Swiss pesticide company Syngenta has agreed to a takeover bid from Chinese chemical firm ChemChina. The European company will become part of the Asian giant in a $43bn (£29.8bn, €39.4bn), subject to regulatory approvals.
The all-cash offer amounts to $465 per share, plus a special dividend of CHF5. These are to be paid immediately before the closing of the deal, Syngenta said, after it accepted ChemChina's offer.
ChemChina chairman, Ren Jianxin said that both the companies will work to maintain Syngenta's "leading competitive edge in the global agricultural technology field". Meanwhile, Syngenta's Michel Demaré spoke in favour of the deal and said that it would "minimise operational disruption", help the company focus on growing globally with specific interest on China and other emerging markets, and drive "long-term investments in innovation".
While Syngenta's existing management would remain in place, Switzerland will continue to the company's headquarters. However, Demaré will become vice-chairman of the combined group, from chairman of the Swiss firm.
This is not the first takeover bid for Syngenta. In August 2015, it had been approached with a $47bn takeover bid from Monsanto, its US rival operating in the agribusiness. Syngenta had rejected the bid, which upset Syngenta's shareholders and followed by the chief executive, Mike Mack, stepping down.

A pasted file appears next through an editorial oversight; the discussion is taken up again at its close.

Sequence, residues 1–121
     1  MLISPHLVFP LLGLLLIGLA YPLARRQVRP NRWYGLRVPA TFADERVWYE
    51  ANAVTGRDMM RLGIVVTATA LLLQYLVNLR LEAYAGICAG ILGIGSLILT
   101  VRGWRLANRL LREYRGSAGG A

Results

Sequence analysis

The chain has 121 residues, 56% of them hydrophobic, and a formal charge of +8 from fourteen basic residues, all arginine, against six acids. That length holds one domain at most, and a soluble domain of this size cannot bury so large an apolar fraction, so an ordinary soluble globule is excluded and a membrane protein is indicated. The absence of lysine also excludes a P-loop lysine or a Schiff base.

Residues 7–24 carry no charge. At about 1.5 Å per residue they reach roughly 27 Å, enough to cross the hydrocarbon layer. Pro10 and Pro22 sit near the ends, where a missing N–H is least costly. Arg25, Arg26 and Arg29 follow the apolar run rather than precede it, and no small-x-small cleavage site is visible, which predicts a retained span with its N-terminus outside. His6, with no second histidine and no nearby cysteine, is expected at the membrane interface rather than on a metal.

Although the current deal could result in political tension across Switzerland and Europe, Syngenta's directors argued that an acquisition by Monsanto would have caused greater trouble. Meanwhile, in terms of a bid price, the deal marks the biggest overseas purchase by a Chinese company and the second biggest in the chemicals industry over the past year.
Moreover, state-owned ChemChina seems to be on a shopping spree. In January it had said that it would purchase KraussMaffei Group, the German equipment-maker as part of a consortium of investors for about $1bn, in March 2015 ChemChina agreed to buy Pirelli, the Italian tire maker for $7.7bn.
The deal shows China's increasing desire to acquire assets outside the country. According to Dealogic, Chinese companies have spent more than $22bn in January 2016 to make overseas acquisitions.
Syngenta, which employs 28,000 people across 90 countries, reported an 11% decline in 2015 sales at $13.4bn. John Ramsay, finance director at Syngenta said, "Over the last two years we have been dealing not only with low crop prices, but with emerging market instability and massive movement in currencies."